IT SOUNDS LIKE a B-movie plot: Millions of smartphone owners are being tracked by their phones. In addition, their mobile apps are eavesdropping on them. And information on their whereabouts is being sold to third parties.
But it isn’t science fiction. If you own a smartphone and download popular apps, the odds are good that your handset knows more about your day-to-day travels than your spouse does. Apple, Google, and Microsoft are in the hot seat now, having to explain how iPhone, Android, and Windows Phone 7 handsets really work, and what they know about where you go and what you do. Predictably, the lawsuits are flying.
Two women in Michigan are suing Google over the location-tracking technology included in the company’s Android mobile operating system. In a Florida court, two men are suing Apple and demanding that the company either stop collecting tracking information or more-effectively safeguard the data it does collect. Both Apple and Google faced an inquiry by a U.S. Senate subcommittee in early May intended to discover to what extent they snoop on their customers via smartphones.
With so much alleged spying going on, it’s hard to focus on the most important question: Should you care?
A database file in Apple’s iPhone and 3G iPads kicked off the latest round of privacy concerns. The controversy started after a file called consolidated.db was discovered on iOS devices and in iOS backup files on PCs; the file seemed to be logging the device’s location based on the positions of cell towers and Wi-Fi access points.
Apple disputed that allegation, however. The company says that about every 12 hours iOS devices send back encrypted and anonymous cell-tower and Wi-Fi access-point location data; Apple then uses that information to update a master database of worldwide cell-tower and Wi-Fi access-point locations. The data later updates on each iOS device to help it find its location faster, as opposed to depending solely on GPS satellite signals.
Apple says that it will take the data from your iOS device only if you are using the device’s location services, and an iOS update ensures that the consolidated.db file won’t log any cell-tower or Wi-Fi access-point information if you turn location services off.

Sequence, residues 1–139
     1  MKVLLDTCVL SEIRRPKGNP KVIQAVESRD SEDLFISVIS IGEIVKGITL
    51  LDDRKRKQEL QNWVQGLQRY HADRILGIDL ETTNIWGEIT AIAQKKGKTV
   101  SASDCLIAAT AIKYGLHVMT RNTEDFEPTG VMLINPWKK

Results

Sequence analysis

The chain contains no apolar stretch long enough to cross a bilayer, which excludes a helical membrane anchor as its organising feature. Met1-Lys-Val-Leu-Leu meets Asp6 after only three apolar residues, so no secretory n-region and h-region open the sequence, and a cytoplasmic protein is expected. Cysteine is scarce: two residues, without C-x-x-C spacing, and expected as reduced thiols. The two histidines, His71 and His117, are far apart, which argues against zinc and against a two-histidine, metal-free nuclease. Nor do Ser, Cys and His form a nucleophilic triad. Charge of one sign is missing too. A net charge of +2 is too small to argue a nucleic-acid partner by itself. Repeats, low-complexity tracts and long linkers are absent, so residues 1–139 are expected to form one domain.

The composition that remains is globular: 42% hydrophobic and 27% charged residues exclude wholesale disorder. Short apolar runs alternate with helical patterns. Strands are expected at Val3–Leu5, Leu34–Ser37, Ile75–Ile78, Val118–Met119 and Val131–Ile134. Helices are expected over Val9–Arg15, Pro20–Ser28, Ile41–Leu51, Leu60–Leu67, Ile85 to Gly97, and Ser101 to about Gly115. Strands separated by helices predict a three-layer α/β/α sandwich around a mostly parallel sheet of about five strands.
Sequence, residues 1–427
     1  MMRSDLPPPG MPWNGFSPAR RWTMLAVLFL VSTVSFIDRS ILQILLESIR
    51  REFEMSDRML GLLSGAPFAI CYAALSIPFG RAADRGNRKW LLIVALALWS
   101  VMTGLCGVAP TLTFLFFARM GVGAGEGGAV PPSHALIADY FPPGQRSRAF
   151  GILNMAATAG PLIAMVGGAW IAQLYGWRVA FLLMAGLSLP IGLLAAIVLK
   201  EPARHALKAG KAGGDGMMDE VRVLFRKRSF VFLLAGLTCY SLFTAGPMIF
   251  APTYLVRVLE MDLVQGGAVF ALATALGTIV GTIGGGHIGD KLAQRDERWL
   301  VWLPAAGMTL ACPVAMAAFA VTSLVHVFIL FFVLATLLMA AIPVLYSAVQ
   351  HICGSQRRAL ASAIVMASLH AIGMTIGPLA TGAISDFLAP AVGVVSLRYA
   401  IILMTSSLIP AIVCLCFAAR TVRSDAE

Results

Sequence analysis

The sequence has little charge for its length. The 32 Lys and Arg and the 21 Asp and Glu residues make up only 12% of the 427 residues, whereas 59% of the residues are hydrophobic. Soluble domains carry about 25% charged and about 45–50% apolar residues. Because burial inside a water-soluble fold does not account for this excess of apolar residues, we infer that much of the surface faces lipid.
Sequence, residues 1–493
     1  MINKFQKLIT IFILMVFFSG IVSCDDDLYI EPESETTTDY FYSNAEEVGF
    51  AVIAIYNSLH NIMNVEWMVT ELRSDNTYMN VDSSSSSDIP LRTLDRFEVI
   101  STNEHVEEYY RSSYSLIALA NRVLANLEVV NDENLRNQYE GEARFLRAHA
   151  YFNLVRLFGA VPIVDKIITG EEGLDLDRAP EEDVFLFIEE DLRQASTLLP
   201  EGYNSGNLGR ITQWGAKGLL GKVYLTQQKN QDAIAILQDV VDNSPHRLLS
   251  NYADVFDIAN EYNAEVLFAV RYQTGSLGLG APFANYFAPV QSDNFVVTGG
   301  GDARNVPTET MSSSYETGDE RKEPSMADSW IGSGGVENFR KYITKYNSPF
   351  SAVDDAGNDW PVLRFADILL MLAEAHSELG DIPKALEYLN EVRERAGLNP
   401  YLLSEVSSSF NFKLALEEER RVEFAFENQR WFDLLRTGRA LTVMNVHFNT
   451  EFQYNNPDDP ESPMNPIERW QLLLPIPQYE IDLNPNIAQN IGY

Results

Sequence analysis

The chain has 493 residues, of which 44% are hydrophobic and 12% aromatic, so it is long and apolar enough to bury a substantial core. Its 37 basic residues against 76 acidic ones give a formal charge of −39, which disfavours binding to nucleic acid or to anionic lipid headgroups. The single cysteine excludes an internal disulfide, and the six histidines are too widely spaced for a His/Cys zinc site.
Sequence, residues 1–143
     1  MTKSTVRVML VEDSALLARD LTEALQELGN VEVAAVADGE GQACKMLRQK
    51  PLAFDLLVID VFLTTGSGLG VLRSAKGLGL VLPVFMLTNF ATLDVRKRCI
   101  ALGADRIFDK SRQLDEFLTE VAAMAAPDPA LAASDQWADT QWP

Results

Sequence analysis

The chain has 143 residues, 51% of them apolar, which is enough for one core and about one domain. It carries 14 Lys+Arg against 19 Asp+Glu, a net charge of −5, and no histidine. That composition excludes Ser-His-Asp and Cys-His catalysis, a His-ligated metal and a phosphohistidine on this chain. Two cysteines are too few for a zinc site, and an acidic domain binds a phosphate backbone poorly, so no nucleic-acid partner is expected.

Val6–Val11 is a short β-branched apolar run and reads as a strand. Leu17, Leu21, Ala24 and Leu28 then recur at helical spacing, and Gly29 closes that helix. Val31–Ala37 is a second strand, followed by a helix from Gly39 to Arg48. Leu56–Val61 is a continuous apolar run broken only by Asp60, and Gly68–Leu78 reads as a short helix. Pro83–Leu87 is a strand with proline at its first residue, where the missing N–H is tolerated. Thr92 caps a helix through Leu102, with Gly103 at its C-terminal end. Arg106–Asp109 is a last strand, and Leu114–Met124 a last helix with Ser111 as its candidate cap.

Apple Isn’t Alone
If you opted in to use Google’s location services when you first set up your Android phone, Google is taking location data from your device in a manner similar to Apple’s approach. Android sends GPS information and Wi-Fi access-point locations, as well as your unique device identifier, back to Google, according to the Wall Street Journal.
Just as Apple does, Google uses that data to maintain a location database. Reportedly the company uses the data to serve you targeted ads and other location-relevant content. Google has also stated that all of the data sent back to it is anony-mized, despite researchers’ findings that each user’s unique device ID is included.
Seeing its rivals getting hit with criticism, Microsoft posted a Q&A on its Windows Phone 7 blog about its location-data collection practices. Much like the other companies, Microsoft says that for Windows Phone 7 it “assembles and maintains” a database of cell-tower and Wi-Fi access-point locations. Microsoft fills that database by collecting data from a fleet of cars, as well as by collecting Wi-Fi access-point information from mobile devices.
The company says that it will collect Wi-Fi location information from your phone only if you turn on location services, if you are using a location-based app that requests location information, and if your Wi-Fi radio is on. “If any of these conditions are not met,” Microsoft asserts in the blog post, “the mobile device will not survey Wi-Fi access points.”
However, Microsoft also says that if a phone’s GPS function is on, it will collect the device’s “observed longitude and latitude” as well as the direction and speed the device is traveling. Presumably, Microsoft uses that data to feed a traffic-information database, but the company does not explain further.